Untrained

Untrained laborers and assistants (that is, characters without any ranks in Profession) earn an average of 1 silver piece per day.


So, to my mind, I'd pay the workers a percentage opf the output, so if their average weekly earning is 10 gold pieces, you could say that this is 10% of the mine's output.
5th-May-2006 02:10 pm (UTC)
Each, or all of them...

Because if you have 10 miners that's all your profit. If the 10% is split up between all 10, then that's a sp a person, which could be low or high depending on their skills....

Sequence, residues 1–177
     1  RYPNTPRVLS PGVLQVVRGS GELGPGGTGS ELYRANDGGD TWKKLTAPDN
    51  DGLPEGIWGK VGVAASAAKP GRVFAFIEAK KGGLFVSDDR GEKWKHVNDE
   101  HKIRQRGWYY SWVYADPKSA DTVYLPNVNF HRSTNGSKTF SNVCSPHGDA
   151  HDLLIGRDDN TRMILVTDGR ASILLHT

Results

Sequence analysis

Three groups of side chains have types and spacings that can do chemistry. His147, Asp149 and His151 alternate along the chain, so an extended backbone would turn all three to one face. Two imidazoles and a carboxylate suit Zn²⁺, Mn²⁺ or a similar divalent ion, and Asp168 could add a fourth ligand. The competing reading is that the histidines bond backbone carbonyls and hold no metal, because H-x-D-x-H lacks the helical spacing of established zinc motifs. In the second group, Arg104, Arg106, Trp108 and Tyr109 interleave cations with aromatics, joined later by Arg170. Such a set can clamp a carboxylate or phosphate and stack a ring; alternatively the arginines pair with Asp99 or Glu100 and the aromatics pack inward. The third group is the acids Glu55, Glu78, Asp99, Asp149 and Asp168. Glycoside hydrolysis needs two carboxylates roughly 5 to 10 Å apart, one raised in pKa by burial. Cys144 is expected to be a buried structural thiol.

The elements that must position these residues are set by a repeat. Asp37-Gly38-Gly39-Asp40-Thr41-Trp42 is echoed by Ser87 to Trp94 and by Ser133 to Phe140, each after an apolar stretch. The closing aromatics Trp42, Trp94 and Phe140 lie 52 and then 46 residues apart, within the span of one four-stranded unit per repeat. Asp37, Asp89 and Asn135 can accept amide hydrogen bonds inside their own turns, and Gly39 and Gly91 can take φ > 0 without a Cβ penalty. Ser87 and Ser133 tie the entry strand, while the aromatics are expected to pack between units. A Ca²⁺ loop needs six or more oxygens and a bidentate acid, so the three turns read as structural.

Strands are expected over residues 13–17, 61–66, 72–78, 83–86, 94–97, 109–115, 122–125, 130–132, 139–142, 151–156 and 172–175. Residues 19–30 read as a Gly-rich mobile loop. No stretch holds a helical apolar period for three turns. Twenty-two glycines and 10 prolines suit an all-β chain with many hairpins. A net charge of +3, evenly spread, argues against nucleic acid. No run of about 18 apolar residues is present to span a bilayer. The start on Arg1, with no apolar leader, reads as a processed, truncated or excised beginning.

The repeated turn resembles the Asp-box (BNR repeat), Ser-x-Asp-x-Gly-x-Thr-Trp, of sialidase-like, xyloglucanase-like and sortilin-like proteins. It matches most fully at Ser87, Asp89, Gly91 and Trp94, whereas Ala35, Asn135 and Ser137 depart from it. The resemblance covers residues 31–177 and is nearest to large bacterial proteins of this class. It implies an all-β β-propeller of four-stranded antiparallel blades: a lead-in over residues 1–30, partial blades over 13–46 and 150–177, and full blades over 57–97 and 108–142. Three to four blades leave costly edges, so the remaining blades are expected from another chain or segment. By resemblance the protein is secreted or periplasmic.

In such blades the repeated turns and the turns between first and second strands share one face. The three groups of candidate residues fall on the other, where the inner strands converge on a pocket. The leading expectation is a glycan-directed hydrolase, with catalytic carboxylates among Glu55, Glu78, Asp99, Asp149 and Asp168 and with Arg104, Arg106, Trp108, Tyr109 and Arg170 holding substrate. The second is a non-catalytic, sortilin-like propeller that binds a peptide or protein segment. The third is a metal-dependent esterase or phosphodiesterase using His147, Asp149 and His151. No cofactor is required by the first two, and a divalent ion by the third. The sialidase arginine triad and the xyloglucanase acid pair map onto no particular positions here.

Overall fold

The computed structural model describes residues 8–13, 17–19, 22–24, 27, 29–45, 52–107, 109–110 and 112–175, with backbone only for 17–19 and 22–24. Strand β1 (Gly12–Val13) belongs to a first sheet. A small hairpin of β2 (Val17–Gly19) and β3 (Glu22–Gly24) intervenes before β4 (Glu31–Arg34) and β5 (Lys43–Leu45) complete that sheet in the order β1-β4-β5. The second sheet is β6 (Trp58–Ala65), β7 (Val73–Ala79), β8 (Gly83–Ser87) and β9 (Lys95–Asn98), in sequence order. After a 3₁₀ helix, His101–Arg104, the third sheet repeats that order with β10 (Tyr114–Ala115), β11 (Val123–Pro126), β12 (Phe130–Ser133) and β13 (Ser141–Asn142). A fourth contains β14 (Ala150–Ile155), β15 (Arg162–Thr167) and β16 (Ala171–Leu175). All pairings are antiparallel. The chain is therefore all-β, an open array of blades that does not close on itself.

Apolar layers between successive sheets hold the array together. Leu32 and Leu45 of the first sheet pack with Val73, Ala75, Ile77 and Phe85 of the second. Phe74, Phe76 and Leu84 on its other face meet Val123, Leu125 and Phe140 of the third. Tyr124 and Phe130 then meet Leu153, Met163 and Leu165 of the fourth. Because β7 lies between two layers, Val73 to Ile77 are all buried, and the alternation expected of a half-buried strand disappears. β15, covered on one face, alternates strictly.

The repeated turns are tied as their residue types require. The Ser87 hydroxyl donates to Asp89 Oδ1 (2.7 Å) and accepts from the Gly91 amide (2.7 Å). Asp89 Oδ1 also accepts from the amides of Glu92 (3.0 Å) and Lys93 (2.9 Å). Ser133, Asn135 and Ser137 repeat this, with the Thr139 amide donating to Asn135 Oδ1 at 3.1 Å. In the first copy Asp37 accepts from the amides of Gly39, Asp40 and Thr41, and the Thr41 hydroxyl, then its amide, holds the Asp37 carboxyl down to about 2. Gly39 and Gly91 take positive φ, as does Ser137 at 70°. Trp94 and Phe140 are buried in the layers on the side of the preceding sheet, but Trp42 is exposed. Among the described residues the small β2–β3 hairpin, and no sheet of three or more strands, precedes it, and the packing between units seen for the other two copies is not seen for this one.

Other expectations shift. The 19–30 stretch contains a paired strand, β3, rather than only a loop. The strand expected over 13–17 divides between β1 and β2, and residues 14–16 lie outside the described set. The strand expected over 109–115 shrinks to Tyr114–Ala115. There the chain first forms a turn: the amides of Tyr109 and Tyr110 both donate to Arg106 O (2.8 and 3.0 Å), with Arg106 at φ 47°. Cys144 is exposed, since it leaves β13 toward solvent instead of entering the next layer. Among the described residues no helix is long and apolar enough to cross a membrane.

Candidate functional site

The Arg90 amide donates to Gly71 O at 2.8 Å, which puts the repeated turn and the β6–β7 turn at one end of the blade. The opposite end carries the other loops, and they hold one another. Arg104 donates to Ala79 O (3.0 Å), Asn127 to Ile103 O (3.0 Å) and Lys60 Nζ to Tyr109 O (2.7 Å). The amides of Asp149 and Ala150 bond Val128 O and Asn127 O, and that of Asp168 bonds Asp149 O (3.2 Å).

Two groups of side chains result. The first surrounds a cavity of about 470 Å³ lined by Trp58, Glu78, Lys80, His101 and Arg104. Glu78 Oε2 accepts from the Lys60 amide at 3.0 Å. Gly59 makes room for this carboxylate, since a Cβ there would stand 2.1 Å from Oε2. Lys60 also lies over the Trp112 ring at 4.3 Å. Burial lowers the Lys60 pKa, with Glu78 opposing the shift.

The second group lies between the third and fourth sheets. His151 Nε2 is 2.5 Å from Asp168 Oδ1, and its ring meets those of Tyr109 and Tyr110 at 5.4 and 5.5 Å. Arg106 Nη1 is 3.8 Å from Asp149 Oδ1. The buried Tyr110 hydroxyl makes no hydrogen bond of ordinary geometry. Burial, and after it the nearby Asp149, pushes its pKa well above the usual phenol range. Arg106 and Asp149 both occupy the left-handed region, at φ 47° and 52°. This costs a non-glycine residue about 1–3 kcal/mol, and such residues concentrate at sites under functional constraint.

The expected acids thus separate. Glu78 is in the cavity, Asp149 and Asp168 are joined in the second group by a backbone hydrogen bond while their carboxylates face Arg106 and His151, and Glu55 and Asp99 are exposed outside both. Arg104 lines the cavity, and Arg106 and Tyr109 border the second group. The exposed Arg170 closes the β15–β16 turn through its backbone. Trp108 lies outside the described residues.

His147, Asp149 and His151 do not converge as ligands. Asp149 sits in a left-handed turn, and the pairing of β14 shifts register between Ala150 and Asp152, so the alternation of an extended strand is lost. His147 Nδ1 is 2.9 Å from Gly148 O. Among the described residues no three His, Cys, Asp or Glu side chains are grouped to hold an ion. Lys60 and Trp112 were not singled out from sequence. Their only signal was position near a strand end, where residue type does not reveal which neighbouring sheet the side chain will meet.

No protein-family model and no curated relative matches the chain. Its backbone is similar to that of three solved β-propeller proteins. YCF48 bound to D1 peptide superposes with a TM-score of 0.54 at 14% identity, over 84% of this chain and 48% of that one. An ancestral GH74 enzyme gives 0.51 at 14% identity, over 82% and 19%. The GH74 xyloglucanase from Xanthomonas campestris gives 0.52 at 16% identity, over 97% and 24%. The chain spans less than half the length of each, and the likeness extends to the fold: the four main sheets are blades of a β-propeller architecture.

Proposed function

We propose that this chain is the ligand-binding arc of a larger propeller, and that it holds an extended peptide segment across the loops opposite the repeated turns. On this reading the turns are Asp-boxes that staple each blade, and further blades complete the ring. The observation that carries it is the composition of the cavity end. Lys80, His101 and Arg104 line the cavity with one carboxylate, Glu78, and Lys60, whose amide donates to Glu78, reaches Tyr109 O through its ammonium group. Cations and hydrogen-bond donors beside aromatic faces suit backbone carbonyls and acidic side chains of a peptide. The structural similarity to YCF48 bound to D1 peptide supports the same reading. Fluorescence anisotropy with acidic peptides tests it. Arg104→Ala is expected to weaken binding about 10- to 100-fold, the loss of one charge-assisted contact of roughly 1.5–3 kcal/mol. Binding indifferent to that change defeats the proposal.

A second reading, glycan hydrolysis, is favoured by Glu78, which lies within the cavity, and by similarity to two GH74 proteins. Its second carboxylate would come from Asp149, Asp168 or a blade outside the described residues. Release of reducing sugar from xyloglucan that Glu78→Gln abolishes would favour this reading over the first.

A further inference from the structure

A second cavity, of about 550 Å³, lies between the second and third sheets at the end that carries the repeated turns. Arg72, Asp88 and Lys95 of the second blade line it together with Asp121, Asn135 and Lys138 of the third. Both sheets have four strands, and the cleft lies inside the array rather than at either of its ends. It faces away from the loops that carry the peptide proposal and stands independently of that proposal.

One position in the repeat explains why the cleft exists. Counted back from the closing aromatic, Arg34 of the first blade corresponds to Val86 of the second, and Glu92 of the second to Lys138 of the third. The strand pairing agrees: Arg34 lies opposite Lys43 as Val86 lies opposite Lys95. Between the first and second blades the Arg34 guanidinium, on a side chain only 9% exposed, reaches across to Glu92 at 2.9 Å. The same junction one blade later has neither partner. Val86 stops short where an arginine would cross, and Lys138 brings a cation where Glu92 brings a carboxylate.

5th-May-2006 02:31 pm (UTC)
The amount earned varies by the skill of the miner. I meant take the GP he earned as 10% of his production.
5th-May-2006 05:53 pm (UTC)
Makes good sense. Thank you!
5th-May-2006 03:46 pm (UTC)
I ran that adventure once myself. If I recall correctly, the mine output was supposed to be equal to the costs of rebuilding the castle (materials and workers' wages) and upkeep (food, repairs, guards' wages &c.). I don't recall right now what the size of the castle was, but if you look in the Stronghold Builder's guidebook, there is a chart for costs to build/maintain castles of various sizes. Compare the size of Brightstone Keep to that chart and you should have a good number to go by.
5th-May-2006 05:50 pm (UTC)
Icon envy!